Although economists could be forgiven for failing to predict unique, so-called ‘Black Swan’ events, such as the recent Global Financial Crisis, why are so many routine forecasts also inaccurate?
A forecast is usually communicated to the public as a confidence interval - ‘we expect growth to lie between 2.5-3.2%, 90% of the time’. However, the newspaper headline may read: “Annual Growth Forecast to be 2.7%”, wiping the acknowledgement of uncertainty from existence - a subtle but dangerous flaw. Presented as fact, the slightest deviation could confound expectations.
So does the fault lie in communication? Not entirely. Economists, who should understand the limitations of their forecasts, can be found guilty of over-confidence in their predictions too. Over a period of 18 years the Survey of Professional Forecasters found that economic forecasts for annual GDP growth were wrong for one third of the time, for a 90% confidence interval – they got it wrong around 20% more than they expected.
When both ignorance of uncertainty and a substantial overconfidence contribute to the poor reputation of economic forecasting, where can we look for inspiration?
Weather forecasting has been around since the Babylonians 6,000 years ago, but currently 8% of Met Office next day temperature forecasts are still out by more than 2°C. With all the resources, data and compelling motivation, should the forecasts not be more accurate?
In fact, over the past 25 years alone, weather forecasting has become 350% more accurate, despite the chaos that is the weather. The year 1972 saw Edward Lorenz pioneer ‘Chaos Theory’ when his weather model started churning out inconsistent results – a forecast of clear skies in one simulation turned out to be a storm in the next. His theory, that a small change in inputs to a dynamic and nonlinear system, such as the weather, could have extraordinary consequences, is where the ‘butterfly effect’ arose.
Despite the challenge, meteorologists have tamed the issue in a fairly short amount of time through the aggregation of predictions, the continual improvement of weather models and the use of exponentially increasing computational capacity.
The first lesson economists could take from meteorologists is that of aggregating predictions from different models to create one forecast. When the Met Office says ‘the likelihood of rain is 70%’, they really mean ‘in 7/10 of our models there was rain’. By employing this technique, economists could incorporate a quantitative form of uncertainty back into their forecasts, thus reducing the tendency for confidence in a prediction to be overstated.
In fact, this technique would be so useful for the same reasons as in meteorology – the economy is subject to chaos too. Simple models, such as the Solow-Swan growth model, suggest that the chaos is potentiated by the underlying characteristics of an economy, non-linearity and dynamism. Similar to the weather, large deviations in economic outcomes can be generated from small differences in the inputs. The Bank of England is currently trying to solve this very problem. Their recent uses of Monte Carlo methods – randomly altering a model’s input values to account for measurement uncertainty and iterating its predictions over and over – echo the techniques applied in meteorology, as thousands of variant outcomes are aggregated into best-case, worst-case and most-likely scenarios.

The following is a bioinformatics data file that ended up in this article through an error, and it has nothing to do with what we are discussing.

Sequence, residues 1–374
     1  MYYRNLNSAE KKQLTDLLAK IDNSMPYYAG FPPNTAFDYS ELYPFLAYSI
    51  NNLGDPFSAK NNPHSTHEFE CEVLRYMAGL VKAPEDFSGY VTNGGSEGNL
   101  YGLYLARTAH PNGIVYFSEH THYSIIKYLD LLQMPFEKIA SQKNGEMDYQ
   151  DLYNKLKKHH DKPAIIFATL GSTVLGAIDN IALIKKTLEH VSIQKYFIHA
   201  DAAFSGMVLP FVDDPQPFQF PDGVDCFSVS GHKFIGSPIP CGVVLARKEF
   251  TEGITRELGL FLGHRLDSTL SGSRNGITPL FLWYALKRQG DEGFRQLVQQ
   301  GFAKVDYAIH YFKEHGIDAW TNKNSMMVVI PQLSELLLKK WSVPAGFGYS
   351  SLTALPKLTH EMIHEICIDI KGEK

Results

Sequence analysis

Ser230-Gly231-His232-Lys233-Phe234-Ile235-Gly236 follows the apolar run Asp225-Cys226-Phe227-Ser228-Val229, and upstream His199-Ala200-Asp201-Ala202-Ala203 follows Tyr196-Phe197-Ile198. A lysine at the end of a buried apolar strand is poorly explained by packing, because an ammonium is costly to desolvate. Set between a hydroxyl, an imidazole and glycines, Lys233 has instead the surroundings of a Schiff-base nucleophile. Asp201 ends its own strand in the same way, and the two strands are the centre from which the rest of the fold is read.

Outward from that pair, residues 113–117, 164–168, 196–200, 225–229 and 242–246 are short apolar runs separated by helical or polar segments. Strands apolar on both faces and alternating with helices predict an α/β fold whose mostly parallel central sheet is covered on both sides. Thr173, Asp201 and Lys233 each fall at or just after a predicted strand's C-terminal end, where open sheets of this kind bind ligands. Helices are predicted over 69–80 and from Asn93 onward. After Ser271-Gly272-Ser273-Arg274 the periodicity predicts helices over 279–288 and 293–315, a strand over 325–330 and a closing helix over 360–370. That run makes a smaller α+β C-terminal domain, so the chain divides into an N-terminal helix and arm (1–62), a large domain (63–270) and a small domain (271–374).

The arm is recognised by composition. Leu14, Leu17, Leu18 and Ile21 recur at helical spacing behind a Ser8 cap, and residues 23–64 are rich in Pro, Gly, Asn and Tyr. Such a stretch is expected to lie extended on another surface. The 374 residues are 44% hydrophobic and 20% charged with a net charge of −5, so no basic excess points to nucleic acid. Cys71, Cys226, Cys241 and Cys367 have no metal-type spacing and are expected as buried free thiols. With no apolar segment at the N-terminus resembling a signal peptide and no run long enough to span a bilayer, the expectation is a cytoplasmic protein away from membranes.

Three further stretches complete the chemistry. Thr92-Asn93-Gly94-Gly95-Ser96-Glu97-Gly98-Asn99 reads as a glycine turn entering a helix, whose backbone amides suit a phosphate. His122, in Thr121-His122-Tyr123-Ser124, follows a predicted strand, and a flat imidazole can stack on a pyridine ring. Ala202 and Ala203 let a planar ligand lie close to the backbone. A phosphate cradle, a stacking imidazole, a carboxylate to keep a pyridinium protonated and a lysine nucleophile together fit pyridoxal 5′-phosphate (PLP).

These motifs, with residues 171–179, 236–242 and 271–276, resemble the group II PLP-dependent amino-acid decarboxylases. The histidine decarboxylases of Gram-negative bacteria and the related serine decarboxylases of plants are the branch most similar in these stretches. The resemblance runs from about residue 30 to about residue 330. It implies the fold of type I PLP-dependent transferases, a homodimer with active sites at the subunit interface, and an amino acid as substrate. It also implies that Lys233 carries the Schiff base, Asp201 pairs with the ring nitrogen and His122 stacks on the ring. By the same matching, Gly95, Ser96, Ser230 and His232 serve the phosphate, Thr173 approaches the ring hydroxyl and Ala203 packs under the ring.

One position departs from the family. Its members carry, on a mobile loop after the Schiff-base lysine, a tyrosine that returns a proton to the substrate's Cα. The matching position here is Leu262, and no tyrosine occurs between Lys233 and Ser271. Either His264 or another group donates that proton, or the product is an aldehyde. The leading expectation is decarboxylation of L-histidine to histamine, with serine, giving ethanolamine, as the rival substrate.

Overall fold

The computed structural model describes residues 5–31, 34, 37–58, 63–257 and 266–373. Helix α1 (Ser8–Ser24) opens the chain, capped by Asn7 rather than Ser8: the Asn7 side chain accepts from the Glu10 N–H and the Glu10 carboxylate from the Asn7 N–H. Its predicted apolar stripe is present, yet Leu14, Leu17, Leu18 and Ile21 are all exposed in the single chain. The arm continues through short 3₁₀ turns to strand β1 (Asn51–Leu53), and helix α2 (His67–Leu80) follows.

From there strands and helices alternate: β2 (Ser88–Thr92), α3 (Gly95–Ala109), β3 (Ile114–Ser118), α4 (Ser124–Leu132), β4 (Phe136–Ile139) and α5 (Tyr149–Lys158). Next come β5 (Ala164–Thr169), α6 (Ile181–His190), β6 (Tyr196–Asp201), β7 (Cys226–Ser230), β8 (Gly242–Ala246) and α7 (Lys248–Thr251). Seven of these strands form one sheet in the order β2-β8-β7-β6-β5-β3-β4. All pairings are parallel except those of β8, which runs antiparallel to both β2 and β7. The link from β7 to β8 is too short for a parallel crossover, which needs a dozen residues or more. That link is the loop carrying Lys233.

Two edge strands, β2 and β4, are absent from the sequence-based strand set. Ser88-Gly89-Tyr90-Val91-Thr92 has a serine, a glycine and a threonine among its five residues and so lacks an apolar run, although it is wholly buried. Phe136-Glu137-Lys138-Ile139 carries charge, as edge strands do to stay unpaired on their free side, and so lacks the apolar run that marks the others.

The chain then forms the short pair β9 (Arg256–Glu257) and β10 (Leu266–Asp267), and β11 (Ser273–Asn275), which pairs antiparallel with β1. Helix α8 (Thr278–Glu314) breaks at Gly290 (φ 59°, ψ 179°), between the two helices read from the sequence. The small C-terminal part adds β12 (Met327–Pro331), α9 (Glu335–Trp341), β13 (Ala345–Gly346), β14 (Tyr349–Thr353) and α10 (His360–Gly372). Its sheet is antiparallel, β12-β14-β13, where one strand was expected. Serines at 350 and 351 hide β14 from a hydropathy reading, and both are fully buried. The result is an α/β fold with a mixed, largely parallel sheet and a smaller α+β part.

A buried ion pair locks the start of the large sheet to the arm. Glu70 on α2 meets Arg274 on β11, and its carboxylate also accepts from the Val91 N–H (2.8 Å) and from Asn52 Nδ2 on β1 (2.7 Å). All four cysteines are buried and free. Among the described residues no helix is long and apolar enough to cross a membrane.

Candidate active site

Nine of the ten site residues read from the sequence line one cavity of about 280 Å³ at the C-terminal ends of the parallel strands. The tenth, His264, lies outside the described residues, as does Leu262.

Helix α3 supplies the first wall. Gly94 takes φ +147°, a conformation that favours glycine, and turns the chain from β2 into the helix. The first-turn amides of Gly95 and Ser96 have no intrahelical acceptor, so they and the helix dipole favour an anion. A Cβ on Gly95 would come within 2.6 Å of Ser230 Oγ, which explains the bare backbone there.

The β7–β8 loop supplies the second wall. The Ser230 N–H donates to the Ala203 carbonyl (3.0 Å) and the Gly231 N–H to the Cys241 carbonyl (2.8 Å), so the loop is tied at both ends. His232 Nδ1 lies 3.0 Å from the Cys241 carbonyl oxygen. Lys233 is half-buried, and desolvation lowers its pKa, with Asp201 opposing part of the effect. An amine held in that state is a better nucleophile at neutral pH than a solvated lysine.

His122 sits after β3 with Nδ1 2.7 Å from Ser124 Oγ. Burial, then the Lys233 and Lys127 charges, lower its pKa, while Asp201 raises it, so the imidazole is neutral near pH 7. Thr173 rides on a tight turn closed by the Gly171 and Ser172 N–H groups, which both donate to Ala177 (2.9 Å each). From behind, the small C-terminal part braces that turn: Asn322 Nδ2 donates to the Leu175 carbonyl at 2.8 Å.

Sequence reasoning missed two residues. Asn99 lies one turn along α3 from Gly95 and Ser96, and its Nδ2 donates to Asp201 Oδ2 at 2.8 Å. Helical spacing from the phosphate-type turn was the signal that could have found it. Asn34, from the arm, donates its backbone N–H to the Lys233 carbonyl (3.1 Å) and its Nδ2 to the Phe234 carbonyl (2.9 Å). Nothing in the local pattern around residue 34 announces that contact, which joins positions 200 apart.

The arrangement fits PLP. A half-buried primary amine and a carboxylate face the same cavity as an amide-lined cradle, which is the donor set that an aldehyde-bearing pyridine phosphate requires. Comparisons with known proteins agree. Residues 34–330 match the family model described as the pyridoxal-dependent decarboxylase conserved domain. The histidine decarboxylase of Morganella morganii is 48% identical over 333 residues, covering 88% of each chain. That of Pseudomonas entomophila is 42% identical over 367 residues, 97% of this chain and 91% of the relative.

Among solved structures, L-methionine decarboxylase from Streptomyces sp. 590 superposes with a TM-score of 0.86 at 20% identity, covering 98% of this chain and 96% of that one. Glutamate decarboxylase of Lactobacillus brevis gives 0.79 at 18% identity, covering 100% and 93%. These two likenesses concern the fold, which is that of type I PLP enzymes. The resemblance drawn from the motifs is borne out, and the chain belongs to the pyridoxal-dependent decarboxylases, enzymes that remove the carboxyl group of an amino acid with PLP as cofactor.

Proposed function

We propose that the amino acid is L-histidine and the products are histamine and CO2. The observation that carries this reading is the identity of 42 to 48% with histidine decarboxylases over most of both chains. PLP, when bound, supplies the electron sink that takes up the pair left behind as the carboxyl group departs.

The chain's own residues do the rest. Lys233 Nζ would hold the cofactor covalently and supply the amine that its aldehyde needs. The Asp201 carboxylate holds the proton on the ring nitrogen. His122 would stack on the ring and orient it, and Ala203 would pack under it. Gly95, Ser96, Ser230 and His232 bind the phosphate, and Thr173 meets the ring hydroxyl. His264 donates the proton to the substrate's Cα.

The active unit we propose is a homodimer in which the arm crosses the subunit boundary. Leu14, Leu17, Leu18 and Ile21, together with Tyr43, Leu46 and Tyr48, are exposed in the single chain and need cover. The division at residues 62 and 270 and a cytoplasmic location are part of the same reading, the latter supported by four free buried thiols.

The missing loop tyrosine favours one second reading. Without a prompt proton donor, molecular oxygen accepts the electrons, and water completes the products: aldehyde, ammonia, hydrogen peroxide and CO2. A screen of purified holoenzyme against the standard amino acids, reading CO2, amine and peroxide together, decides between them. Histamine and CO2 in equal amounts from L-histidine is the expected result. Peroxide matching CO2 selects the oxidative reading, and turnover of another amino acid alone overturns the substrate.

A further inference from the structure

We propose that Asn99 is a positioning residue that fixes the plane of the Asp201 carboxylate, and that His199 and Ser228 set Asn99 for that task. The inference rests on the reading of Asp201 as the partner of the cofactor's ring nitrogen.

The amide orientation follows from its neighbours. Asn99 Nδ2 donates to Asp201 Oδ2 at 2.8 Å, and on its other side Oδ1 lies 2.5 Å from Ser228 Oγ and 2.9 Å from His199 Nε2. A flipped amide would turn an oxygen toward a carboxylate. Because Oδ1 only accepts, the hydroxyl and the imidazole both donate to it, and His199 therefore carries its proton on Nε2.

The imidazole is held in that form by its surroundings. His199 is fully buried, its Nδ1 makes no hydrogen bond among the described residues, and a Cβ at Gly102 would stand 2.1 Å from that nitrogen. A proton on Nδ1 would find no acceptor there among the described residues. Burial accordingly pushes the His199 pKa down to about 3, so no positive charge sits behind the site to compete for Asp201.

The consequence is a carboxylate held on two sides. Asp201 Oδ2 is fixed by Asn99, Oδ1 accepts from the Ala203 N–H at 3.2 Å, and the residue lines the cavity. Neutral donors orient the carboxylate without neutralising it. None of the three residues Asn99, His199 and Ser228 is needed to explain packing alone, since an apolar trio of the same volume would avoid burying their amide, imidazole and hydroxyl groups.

So what else can economists learn from the progression of weather forecasts? The project manager of the Good Judgement Project makes a very simple suggestion – keep score!
The Met Office has to make weather predictions hourly for weeks in advance and update these continually as new information appears. These forecasts are then calibrated against reality. Meteorologists have a real incentive to ask, “why was our forecast wrong?”, and improve their models in light of an onslaught of emails arriving from the public. Economists could benefit from the very same incentive.
Parallels can further be drawn from weather forecasting to provide hope for economists. One critical development in meteorology has been the proliferation of computing power and its use in forecasting. The IBM Bluefire supercomputer at the National Centre for Atmospheric Research (U.S.A.) can make 77 trillion calculations per second, which is integral for dealing with the chaos and complexity of weather models. Economics has its own catalyst: the advent of Big Data. Although an embryonic discipline, its techniques enable the analysis of very large and complex data sets, for which traditional data processing methods were found to be inadequate. Its sub-field, Data Science, which performs predictive analysis on data, has already shown promise in forecasting behaviour.
A New Dawn?
In contrast to meteorology, Economics is a comparatively new discipline with looser causal associations and a limited understanding of its related science. Economists therefore must be careful not to over-rely on naïve data-driven models and instead combine them with empirically proven concepts.
However, Big Data – as with meteorology - could form a path to more accurate and reliable forecasts. The development of data-supported models that integrate concepts of causation with correlations found in data will undoubtedly have a role to play in the future of forecasting. This is not to say economists should not still be reminded of their limitations. Cases such as the Subprime Mortgage Crisis, that defy a model’s assumptions, will render their use obsolete. However, learning is the defining factor of progress, keeping score of mistakes will facilitate the process.
Only through the acknowledgement of uncertainty and effective use of techniques can a new dawn truly begin.
Original illustration by Jack Roalfe